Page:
As anyone who knows anything about the law in Queensland knows, there are no legal human rights in Queensland except those provided by the Australian constitution – the right to vote, the right to freedom of religion and the implied right to publish material relevant to government policy.
We do not have any legal right to make decisions about our lives, to decide where we live, where we travel, who we associate with, what we do, how we spend our money or who we have sex with. None of these life choices that most of us take for granted are legally guaranteed rights. Most of us are allowed to make all these choices as long as we do not break any law.
Australian human rights law is limited to the crime of discrimination. Discrimination is not allowing a person to do something, or have something, or to force them to do something, for any reason other than it is illegal to have, do or not do the thing.
The problem in Australian law as well as Queensland arises when the government or anyone else systematically denies human rights but does not discriminate, as specifically defined by discrimination law. For example, if the government passed a law that rounded up all the Jews in Brisbane and locked them up in Lang Park, that would be illegal because they are discriminating against Jews. However if they passed a law that rounded up all the people in Paddington and locked them up in Lang Park no law would have been broken. Detainees would have no legal human rights argument against their detention unless they could prove they were detained because of a personal attribute.
The Australian High Court has ruled a blanket extinguishment of Aboriginal Customary law. There was a time when Aboriginal cultural considerations were allowed as evidence in trials and Aboriginal cultural punishments were taken into account in sentencing, to the extent that the principle of double jeopardy, you can’t be punished twice for the same crime, was extended to include Aboriginal punishment. However it is now unlawful to raise these matters in a court. The High Court effectively criminalised Aboriginal law on the basis of the Federal Racial Discrimination Act. As Aboriginal customary law is not applicable to all Australians and because it is ethnically specific, the High Court ruled that it was discriminatory in the terms of the Act. While I am sure most Australians would assume that Aboriginal people have a human right to practice Aboriginal culture the reality is human rights law has removed this human right – in direct defiance of the recommendations of the Royal Commission into Aboriginal Deaths in custody and directly increasing the Aboriginal incarceration rate.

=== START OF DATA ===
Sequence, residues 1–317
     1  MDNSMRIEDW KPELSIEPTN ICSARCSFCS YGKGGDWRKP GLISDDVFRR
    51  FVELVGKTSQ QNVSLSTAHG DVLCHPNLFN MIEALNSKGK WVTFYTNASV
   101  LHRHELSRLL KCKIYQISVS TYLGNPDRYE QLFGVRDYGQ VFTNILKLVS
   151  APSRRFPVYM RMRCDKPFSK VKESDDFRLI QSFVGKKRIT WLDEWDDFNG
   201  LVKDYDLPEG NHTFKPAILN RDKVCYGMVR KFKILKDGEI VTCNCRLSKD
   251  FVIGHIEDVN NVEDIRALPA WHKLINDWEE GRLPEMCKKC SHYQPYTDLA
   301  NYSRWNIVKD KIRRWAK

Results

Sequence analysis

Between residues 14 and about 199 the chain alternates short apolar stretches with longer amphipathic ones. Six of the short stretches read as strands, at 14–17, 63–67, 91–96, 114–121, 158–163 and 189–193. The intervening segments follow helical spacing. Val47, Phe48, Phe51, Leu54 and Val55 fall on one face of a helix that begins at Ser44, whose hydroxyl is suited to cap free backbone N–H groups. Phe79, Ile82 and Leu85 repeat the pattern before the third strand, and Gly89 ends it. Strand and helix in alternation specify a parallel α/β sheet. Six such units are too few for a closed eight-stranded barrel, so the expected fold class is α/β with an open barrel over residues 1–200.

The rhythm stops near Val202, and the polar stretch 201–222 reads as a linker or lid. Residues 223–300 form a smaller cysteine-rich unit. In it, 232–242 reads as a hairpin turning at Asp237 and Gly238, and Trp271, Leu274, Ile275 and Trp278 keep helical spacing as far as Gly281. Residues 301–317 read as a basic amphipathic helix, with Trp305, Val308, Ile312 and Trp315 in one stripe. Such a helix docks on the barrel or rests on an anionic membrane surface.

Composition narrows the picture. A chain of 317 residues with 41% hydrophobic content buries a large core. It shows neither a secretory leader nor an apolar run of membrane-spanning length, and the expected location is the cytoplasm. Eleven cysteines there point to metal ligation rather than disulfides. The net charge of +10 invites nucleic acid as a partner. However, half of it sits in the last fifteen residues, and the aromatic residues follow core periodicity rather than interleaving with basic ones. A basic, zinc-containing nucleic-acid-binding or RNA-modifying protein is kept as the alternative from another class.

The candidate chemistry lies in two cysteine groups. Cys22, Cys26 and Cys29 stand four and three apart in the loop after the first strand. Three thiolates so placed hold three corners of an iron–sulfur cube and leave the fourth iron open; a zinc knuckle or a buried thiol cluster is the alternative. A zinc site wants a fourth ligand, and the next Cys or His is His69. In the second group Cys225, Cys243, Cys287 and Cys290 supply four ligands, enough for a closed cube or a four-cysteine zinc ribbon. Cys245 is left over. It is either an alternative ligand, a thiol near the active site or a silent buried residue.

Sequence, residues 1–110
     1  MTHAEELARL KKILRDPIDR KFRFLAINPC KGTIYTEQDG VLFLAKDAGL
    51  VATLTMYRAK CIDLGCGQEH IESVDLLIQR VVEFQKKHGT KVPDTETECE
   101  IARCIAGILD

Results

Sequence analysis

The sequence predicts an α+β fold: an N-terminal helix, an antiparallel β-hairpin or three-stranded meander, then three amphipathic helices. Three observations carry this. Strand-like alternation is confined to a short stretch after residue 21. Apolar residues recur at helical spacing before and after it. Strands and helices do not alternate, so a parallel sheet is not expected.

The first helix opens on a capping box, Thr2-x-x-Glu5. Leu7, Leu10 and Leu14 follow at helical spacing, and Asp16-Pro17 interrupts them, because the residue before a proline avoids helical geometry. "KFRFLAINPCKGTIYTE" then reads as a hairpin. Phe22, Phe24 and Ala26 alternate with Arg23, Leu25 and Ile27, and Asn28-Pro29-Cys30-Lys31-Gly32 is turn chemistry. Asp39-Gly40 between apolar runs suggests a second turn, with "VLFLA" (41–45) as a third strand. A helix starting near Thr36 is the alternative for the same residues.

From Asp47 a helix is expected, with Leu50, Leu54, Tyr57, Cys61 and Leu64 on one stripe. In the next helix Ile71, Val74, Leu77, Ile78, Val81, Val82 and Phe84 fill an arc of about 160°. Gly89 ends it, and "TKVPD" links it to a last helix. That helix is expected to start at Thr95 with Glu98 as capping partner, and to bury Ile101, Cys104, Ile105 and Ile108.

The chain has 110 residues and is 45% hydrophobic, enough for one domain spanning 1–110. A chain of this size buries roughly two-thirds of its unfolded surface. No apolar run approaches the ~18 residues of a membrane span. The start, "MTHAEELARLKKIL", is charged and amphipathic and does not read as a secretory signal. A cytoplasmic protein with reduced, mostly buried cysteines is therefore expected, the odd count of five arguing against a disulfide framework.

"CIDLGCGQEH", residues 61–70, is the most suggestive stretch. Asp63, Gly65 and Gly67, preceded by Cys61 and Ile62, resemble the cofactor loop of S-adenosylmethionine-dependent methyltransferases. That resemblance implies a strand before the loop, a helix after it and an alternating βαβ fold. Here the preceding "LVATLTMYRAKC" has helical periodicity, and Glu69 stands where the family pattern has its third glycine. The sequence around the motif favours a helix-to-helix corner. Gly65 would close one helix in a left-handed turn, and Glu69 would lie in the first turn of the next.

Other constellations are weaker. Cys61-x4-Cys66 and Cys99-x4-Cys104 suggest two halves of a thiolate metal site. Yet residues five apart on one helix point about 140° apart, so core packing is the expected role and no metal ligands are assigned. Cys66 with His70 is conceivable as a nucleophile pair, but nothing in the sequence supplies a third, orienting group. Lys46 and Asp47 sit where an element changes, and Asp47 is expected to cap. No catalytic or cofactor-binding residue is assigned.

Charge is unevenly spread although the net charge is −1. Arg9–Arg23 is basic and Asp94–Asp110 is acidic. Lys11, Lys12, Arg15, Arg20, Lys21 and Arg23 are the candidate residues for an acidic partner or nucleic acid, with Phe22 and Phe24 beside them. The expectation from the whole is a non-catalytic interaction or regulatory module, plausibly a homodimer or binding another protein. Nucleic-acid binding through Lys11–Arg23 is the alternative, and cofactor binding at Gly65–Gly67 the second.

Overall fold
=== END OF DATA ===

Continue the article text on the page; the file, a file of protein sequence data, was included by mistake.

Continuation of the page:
In Queensland, rapists, pedophiles, murderers, thugs and robbers have a legal right to trial including having the evidence against them cross-examined under oath before a court can order the removal of their liberties. In Queensland, people with a disability, or people who someone has alleged has disability, can be subject to orders from The Queensland Civil and Administrative Tribunal to remove their legal capacity to make all personal decisions including all those mentioned above. The tribunal has no rules of evidence and accepts the opinion of Public Guardian and Public Trustee officers as fact in their determinations, even when those opinions are disputed by other parties. The legislation of the tribunal, the Guardianship and Administration Act, gives no clear indication of who should have their human rights removed, why they should be removed and to what extent they should be removed – but the tribunal routinely removes the rights of disabled people. As long as the tribunal does not discriminate, it can make up its own reasons for why a person’s rights should be removed. As the population ages the number of people caught up in this process will significantly increase yet our elders will have less human rights protection than rapists, pedophiles, murderers, thugs and robbers – unless there is legislative change.
The importance of a human rights Act is simply that it might provide enforceable human rights as defined by the various United Nations human rights instruments. At present our only enforceable right is not to be discriminated against which is just one spoke of the wheel of human rights and quite dysfunctional by itself.
There is a growing campaign for a human rights act in Queensland, lead by the Together union and spearheaded by ALP parliamentarian Peter Russo who recently moved a motion at the Qld ALP conference, that was passed unanimously, urging the Qld government to proceed in the direction of a human rights act. The game is on.
The campaign for a human rights act is referencing Victoria’s Charter of Human rights as a model for Queensland. I find this very disturbing as the Victorian charter replicates the discrimination framework and offers no protections beyond what already exists in discrimination legislation. As such, if it were applied to Queensland it would make absolutely no difference to anything, it would be just a token gesture.
If a Queensland human rights act is to be meaningful it actually has to talk about human rights, not just discrimination. It has to clearly and unambiguously define what are human rights and with equal clarity determine what will happen if these rights are denied. The first part is easy, the United Nations has already done all the work and the Federal government has already ratified it. The missing link is to make it law.